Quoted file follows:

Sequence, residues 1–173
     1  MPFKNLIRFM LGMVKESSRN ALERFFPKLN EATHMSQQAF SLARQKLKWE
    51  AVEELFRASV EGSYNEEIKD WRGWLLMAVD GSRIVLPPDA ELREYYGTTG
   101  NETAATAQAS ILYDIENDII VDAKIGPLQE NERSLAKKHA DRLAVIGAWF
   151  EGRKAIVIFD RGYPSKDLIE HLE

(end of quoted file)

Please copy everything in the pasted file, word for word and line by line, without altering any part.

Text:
Sequence, residues 1–173
     1  MPFKNLIRFM LGMVKESSRN ALERFFPKLN EATHMSQQAF SLARQKLKWE
    51  AVEELFRASV EGSYNEEIKD WRGWLLMAVD GSRIVLPPDA ELREYYGTTG
   101  NETAATAQAS ILYDIENDII VDAKIGPLQE NERSLAKKHA DRLAVIGAWF
   151  EGRKAIVIFD RGYPSKDLIE HLE